Earnestine Shivers, Petitioner, v. Navy Exchange; Director, Office of Workers' Compensationprograms, United States Department of Labor, Respondents, 144 F.3d 322 (4th Cir. 1998)

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US Court of Appeals for the Fourth Circuit - 144 F.3d 322 (4th Cir. 1998) Argued April 8, 1998. Decided May 18, 1998

ARGUED: Robert Elliott Walsh, Rutter & Montagna, L.L.P., Norfolk, VA, for Petitioner. Randall Bruce Pennington, Navy Exchange Service Command, Virginia Beach, VA, for Respondent. ON BRIEF: Matthew H. Kraft, Rutter & Montagna, L.L.P., Norfolk, VA, for Petitioner. John J. Short, Navy Exchange Service Command, Virginia Beach, VA, for Respondent.

Before WILKINSON, Chief Judge, NIEMEYER, Circuit Judge, and CHAMBERS, United States District Judge for the Southern District of West Virginia, sitting by designation.

Reversed and remanded by published opinion. Chief Judge WILKINSON wrote the opinion, in which Judge NIEMEYER and Judge CHAMBERS joined.


WILKINSON, Chief Judge:

Earnestine Shivers appeals from a final order of the Benefits Review Board denying her claim for benefits under the Longshore and Harbor Workers' Compensation Act (LHWCA), 33 U.S.C. §§ 901-950. Shivers' claim was found barred by the "coming and going" rule because her injury was deemed to have occurred on the way to work rather than on the premises of her employer, Navy Exchange. Because we find that the parking lot in which Shivers suffered her injury is part of her employer's premises, we reverse the Board's order denying Shivers benefits under LHWCA.

Shivers worked at Navy Exchange, a nonappropriated fund instrumentality. The Exchange is a retail store located in a mall on the Norfolk Naval Base. Shivers worked as a sales clerk in the men's department of the store. On March 5, 1993, she drove to work and parked, as she normally did, in the employee parking lot opposite the store's employee entrance. When Shivers went to step onto a median strip of grass in the parking lot, she slipped and fell. As a result of her injuries, Shivers underwent surgery on her leg and was still under the care of an orthopedic surgeon over one year later. The parties stipulated that Shivers suffers a temporary total disability as a result of her 1993 injury.

Navy Exchange maintains the parking lot for the exclusive use of its employees. The lot contains approximately 100 parking places and is located on the side of the store, about 100 feet from the employee entrance. Two signs posted in the lot read "Employee Parking By Permit Only" and "Employee Parking By Permit Only; Violators Will Be Towed At Owner's Expense." To enforce these parking restrictions, Navy Exchange issues parking decals to its employees. The Exchange also patrols the employee lot and maintains its own towing service to remove cars found in the lot without the required parking decal. Employees are permitted to park in the customer parking lot only if the employee lot is full, and then only in the last two rows.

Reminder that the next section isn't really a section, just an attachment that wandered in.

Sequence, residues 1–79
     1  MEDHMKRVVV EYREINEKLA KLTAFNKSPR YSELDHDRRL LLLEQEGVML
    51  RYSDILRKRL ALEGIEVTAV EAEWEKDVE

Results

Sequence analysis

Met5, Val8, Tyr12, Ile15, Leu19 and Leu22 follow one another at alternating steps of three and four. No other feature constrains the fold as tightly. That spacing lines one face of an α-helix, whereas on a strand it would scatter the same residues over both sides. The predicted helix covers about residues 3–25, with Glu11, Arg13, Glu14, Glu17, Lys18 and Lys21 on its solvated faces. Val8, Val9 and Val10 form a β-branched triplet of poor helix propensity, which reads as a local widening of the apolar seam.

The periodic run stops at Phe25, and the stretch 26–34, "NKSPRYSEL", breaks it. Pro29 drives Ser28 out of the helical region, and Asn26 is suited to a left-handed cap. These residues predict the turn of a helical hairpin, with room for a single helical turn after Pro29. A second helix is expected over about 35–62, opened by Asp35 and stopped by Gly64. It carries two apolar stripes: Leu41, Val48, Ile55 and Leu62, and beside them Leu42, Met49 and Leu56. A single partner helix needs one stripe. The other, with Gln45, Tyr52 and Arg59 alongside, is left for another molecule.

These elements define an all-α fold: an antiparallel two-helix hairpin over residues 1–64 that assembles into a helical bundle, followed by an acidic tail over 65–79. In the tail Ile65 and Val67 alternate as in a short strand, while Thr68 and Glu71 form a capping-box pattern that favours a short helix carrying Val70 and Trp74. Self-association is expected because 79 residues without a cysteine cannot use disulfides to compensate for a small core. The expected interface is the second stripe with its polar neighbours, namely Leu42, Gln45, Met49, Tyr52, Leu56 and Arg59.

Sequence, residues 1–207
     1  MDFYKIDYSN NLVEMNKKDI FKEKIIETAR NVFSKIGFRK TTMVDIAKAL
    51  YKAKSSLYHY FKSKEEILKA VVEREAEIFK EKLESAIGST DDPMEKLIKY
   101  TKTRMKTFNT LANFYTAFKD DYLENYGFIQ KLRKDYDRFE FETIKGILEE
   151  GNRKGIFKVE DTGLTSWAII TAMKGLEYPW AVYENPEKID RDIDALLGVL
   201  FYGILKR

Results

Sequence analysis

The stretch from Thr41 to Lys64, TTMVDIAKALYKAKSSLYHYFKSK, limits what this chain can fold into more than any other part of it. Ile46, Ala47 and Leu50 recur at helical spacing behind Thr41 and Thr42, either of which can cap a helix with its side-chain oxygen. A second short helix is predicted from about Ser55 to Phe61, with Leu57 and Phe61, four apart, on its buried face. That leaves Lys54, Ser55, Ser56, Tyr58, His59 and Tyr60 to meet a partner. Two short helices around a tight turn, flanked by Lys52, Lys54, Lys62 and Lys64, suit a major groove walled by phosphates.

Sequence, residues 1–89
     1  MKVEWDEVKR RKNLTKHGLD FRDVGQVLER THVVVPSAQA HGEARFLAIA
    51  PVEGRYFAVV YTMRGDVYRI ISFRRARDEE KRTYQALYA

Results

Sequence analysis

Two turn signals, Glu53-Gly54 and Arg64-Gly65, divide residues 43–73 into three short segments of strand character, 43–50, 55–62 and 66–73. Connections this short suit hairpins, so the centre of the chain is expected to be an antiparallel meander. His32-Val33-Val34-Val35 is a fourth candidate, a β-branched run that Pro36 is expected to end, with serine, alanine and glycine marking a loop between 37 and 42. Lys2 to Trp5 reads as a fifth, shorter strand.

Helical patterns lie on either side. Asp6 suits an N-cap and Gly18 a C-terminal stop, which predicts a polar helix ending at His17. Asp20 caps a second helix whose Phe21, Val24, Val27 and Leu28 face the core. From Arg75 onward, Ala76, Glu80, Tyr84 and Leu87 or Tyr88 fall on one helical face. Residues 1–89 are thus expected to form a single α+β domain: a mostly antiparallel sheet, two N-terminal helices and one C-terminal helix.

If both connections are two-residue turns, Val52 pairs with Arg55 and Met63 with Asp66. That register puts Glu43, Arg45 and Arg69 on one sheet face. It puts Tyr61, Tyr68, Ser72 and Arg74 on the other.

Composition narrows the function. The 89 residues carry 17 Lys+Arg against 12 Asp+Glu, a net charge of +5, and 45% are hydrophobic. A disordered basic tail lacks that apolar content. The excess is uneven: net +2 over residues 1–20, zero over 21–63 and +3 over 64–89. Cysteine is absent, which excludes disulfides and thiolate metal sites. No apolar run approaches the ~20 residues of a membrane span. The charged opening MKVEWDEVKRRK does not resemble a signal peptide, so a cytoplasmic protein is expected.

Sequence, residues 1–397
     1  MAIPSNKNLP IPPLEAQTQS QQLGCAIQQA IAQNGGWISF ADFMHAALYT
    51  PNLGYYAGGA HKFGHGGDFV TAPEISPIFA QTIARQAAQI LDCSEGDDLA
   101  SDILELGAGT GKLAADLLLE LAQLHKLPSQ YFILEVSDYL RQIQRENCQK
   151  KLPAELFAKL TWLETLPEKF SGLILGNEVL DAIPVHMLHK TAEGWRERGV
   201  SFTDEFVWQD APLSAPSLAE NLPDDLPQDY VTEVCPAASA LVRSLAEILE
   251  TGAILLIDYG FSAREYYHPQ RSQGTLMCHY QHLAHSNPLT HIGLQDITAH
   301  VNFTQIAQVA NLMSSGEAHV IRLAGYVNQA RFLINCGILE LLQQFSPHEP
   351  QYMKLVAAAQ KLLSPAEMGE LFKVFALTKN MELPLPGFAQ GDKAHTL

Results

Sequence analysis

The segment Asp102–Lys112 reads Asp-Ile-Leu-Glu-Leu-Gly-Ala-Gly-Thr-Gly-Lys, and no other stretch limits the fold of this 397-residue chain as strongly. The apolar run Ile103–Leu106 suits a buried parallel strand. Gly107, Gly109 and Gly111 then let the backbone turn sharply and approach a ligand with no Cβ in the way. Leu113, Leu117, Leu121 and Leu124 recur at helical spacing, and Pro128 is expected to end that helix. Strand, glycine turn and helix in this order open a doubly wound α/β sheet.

Navy Exchange does not actually own the property on which its employee lot is located. Although the Department of the Navy owns that property, the Exchange directs its own employees to perform certain work on the lot for the sake of appearance. For example, store employees mow the grass around the building, including on the median strip where Shivers slipped and fell. Additionally, Navy Exchange employees remove trash from the employee lot and operate a street sweeper to clean both the employee and customer lots. Finally, when it snows, store employees are directed to salt the sidewalks that lead to the employee parking lot. The Exchange is not equipped, however, to perform major structural repairs to the lot and therefore relies upon the Navy for such maintenance work.

Shivers filed a claim for benefits under LHWCA in June 1993. After conducting a hearing, the Administrative Law Judge concluded that Shivers was not injured in the course of employment because the employee parking lot was not part of Navy Exchange's premises. The ALJ further held that Shivers' claim did not fall within an exception to the "coming and going" rule. Shivers appealed to the Benefits Review Board. Because her appeal had been pending for over one year as of September 12, 1996, the ALJ's decision was affirmed and is considered to be the final order of the Board. 33 U.S.C. § 921 note. Shivers now appeals that order.

LHWCA represents a congressional judgment that certain employees should be compensated for workplace injuries without regard to fault. An employee may recover benefits under the Act, however, only for accidental injuries "arising out of and in the course of employment." 33 U.S.C. § 902(2). This language, which is contained in most workers' compensation statutes, has been read to exclude coverage for injuries sustained by employees while coming to or going from work. Voehl v. Indemnity Ins. Co., 288 U.S. 162, 169, 53 S. Ct. 380, 382, 77 L. Ed. 676 (1933); Perkins v. Marine Terminals Corp., 673 F.2d 1097, 1102 (9th Cir. 1982). Once an employee arrives on her employer's premises, however, the coming and going rule no longer precludes recovery of workers' compensation benefits. "As to employees having fixed hours and place of work, injuries occurring on the premises while they are going to and from work before or after working hours ... are compensable." 1 Arthur Larson & Lex K. Larson, Larson's Workers' Compensation Law § 15.00 (1997); see Durrah v. Washington Metro. Area Transit Auth., 760 F.2d 322, 324 (D.C. Cir. 1985).